Scrutiny is not just about criticism but also about validation of what is done to families by the state. Without some measure of public accountability the legitimacy of what social workers are doing in the name of child protection is called into question. There is a crisis in public confidence in what social workers do, as the #standupforsocialwork campaign acknowledges. Public confidence will only be restored by letting people see what happens in the family courts and in child protection, not by saying “I don’t have to answer to you!”.

Tip for anyone thinking of applying for a reporting restriction order…

Bill Barber on Flickr

Well, I’ve done my good deed for the day. This is about my only practically useful achievement this week as I have been mired in procrastination and diversionary tactics.

In the course of doing some research for some writing about reporting restriction orders recently, I realised that the version of the 2005 Cafcass / OffSol Practice Note on Reporting Restriction Orders that appears in the Family Court Practice (Red Book) is different from the version appearing elsewhere – including in major textbooks, via Lexis at the original 2005 FLR citation, and most importantly on the CopyDirect website (which is where I suspect most will go to find it). The Red Book version is marked as “updated March 2015“. However, it appears that CAFCASS neglected to circulate it other than to the editors of the Red Book and, until I directly asked them today, hadn’t published it on their site – so it was only available to those with the right subscription. I would guess that many media lawyers would access the note via CopyDirect or Lexis and not from the Red Book (which is more of a family lawyer’s friend), so they will probably have been happily oblivious that there have been any changes. The changes are not radical, and are largely in the form of updating, but neither are they negligible.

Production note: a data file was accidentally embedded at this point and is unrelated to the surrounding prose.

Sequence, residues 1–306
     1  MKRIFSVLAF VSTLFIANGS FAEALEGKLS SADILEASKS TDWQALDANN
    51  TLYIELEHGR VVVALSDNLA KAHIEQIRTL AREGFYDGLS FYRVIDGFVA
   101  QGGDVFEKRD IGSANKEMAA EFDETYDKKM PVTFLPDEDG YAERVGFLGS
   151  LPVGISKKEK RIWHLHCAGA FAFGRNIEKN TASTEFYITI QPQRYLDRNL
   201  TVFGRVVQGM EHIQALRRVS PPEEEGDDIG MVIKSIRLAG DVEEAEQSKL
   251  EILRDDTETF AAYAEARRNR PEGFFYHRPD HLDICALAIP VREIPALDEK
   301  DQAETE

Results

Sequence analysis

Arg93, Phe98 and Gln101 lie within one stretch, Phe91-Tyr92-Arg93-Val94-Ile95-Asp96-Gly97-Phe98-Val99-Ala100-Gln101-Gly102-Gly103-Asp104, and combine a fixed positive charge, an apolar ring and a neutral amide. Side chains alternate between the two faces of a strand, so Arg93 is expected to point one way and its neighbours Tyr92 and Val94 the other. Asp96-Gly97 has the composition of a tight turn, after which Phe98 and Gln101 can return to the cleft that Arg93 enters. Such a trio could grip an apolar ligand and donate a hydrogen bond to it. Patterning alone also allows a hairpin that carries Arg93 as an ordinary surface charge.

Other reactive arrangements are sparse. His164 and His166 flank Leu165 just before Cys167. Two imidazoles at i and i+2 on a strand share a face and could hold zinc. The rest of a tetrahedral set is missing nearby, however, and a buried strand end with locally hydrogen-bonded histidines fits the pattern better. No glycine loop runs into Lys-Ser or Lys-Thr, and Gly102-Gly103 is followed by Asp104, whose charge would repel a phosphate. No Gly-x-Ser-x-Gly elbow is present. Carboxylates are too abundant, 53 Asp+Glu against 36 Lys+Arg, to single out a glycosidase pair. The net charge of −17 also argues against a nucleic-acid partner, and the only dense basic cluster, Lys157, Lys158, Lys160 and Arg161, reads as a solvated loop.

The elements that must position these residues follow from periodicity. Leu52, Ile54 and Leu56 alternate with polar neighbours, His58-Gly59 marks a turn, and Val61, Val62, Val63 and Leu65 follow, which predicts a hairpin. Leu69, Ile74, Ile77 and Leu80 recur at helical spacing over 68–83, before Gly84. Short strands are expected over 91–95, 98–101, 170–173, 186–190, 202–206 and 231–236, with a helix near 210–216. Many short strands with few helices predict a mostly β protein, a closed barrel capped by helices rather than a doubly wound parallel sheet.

This is how our conversation began…

Not a terribly promising start. However, one thing CAFCASS are really good at is responding by email once you’ve raised a query on twitter. Their comms team are on the ball. And so, I’m happy to say the 2015 version is now on the CAFCASS website here, listed on their policies page and CAFCASS say :

Re the practice note, this was something Cafcass and the Official Solicitor agreed to provide as a resource a number of years ago (2004) to practitioners who were making applications for RROs. Since then the document has been updated (2015) and the contact details of Cafcass and the Official Solicitor were removed to avoid giving the impression that legal advice would be provided by those organisations.  That said, it remains a published document containing what we hope is useful guidance and should be available somewhere other than the online red book.

Belated recognition of the need to make publicly available one’s own guidance if you expect it to be followed, but welcome nonetheless.

I included links above to both the pdf and the policies page because it is possible that the first link will be altered at some point, as CAFCASS seem to have uploaded a PDF of the relevant bit of the Red Book, which incorporates their editorial commentary notes, and I think is probably therefore not CAFCASS copyright. I’ve let CAFCASS know about this possible issue, along with the fact that publishing the document in this way makes it look as if the commentary notes are part of the substantive guidance.

I expect that the Copydirect site will be updated in due course, but its the summer hols – so in the short term anyone applying for a RRO should look to the Red Book or the CAFCASS website.

You may send tokens of your gratitude to my flunkies whilst I am away*…

*what IS a flunky?

 

Feature pic : Bill Barber on Flickr (creative commons licence – thanks!)